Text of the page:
Just how difficult is Japanese?

People assume Japanese is a difficult language, but just how difficult is Japanese? Well it is hard to learn and translate, but not just in the way people typically think. They usually have in mind the task of learning thousands of kanji characters (not to mention the two phonetic writing systems, hiragana and katakana).

The Japanese character utsu, meaning “melancholy”. This has a depressingly difficult 29 strokes: more than any commonly-used character.

In fact, learning the 2,136 “regular-use’” kanji is actually more laborious than difficult. The true difficulties of Japanese, and therefore of translating Japanese, lie in its complex layers of context-driven nuance and register.

Here are just a few potential stumbling blocks.

Trying to be polite

In English we mainly achieve politeness through register and tone. But Japanese uses different words depending on who is speaking, and to whom. Take, suru, the basic verb for “to do”. If you’re talking to a customer or client, instead of suru you might use itasu (the humble form ) in reference to yourself, and nasaru (the honorific form) to your customer. Ditto other verbs like kuru to come, which is mairu in the humble form and irassharu in the honorific. You can even sound really rude failing to use polite Japanese, and even by using too many honorifics in the wrong situation!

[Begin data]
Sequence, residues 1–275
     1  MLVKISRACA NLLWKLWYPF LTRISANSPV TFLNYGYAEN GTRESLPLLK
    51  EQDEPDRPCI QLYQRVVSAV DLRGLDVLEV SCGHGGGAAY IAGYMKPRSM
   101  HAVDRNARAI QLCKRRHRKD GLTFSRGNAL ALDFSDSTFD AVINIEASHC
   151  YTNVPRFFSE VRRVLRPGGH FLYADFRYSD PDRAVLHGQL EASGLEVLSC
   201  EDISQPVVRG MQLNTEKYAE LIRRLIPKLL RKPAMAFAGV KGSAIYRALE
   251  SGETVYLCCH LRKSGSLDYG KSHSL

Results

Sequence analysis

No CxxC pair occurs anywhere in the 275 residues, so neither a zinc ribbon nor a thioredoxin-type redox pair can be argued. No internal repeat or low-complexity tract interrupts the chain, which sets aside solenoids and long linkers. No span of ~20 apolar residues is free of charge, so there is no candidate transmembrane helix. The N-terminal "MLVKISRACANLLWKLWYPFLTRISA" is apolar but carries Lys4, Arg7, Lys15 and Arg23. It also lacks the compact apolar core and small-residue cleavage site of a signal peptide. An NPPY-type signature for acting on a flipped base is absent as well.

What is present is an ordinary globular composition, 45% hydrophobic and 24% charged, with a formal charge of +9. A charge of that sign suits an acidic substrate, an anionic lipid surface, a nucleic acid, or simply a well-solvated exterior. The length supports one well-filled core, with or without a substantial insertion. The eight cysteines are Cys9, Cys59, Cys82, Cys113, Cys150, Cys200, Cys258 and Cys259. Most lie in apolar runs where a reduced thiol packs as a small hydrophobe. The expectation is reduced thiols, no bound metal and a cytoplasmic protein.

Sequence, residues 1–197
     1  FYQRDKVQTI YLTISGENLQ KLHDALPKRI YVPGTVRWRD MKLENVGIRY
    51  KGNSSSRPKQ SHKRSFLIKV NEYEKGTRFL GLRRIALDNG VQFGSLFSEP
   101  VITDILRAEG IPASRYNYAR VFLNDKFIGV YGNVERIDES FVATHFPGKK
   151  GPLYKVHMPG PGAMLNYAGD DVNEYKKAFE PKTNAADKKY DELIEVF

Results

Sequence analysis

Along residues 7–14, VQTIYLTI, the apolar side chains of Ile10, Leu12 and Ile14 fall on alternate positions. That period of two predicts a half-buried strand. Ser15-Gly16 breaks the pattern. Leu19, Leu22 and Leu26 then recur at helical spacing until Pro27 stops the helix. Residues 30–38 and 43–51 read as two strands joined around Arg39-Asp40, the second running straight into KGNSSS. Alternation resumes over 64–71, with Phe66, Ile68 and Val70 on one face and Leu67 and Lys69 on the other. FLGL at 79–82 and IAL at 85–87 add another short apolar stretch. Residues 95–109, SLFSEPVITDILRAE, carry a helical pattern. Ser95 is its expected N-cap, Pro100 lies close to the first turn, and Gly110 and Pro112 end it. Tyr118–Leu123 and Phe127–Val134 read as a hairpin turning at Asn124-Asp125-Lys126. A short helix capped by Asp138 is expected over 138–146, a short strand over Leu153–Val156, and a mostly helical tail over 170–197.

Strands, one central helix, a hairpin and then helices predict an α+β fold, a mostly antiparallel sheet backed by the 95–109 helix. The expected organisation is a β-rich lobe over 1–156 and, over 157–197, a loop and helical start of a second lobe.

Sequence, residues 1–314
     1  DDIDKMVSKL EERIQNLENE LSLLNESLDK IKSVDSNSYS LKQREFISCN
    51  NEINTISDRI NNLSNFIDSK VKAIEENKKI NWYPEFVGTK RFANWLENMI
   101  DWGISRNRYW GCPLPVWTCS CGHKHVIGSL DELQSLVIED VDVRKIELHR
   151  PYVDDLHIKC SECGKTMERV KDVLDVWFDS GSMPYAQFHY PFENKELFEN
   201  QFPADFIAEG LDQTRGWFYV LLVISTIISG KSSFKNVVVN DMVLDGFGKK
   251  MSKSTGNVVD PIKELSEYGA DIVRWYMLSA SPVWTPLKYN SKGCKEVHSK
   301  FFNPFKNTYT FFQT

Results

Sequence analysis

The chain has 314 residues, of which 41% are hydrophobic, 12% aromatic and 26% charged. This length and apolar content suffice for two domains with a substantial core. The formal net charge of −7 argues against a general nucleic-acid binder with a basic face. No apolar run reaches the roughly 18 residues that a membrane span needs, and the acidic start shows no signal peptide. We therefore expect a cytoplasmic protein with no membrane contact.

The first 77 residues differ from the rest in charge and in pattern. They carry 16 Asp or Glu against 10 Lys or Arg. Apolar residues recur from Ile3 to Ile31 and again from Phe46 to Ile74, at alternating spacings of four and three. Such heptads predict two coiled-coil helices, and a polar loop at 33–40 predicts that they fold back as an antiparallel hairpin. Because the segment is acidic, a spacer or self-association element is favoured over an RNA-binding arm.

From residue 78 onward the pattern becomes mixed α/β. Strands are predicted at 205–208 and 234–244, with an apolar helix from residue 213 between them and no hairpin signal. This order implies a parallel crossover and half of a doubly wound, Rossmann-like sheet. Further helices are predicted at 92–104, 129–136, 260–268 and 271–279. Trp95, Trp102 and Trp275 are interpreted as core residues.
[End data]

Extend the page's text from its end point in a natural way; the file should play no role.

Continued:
Are you genki?

People who speak Japanese sometimes use Japanese words amongst themselves even in English “You look genki today”, you might hear. That’s because words like genki neatly express a larger concept than their nearest English equivalents. Genki is often lazily translated as “cheerful”, but in a wider sense it refers both to physical and emotional perkiness.

Or take yappari, which sometimes does duty for a whole sentence of English. Yappari is generally a reaction to something being as one thought. For example, Person A might say kekkyoku ikanakatta (I didn’t go in the end), to which Person B might respond, Yappari! (I knew you wouldn’t go).

Rat or mouse?

In English, rice is rice. But in Japanese, rice served with a Western-style meal is raisu, rather than the usual gohan. In its uncooked state, rice is kome. And in sushi-bar parlance, vinegared sushi rice is shari. This comes from busshari, or Buddha’s ashes, which sushi rice is said to resemble.

The Japanese for squeak is chu chu © Wikipedia/George Shuklin

In fact, this is a difficulty, not just of Japanese, but of translation in general. It works the other way too. Take the Japanese word nezumi, which means can mean either rat or mouse. How does the translator know which one it is? Unless it is clear from context (or a photograph), they have to ask!

Contact WeDoJapan for a chat about how our translation services can help your business. +44 (0)1373 301853 or [email protected] We’d love to hear from you. 

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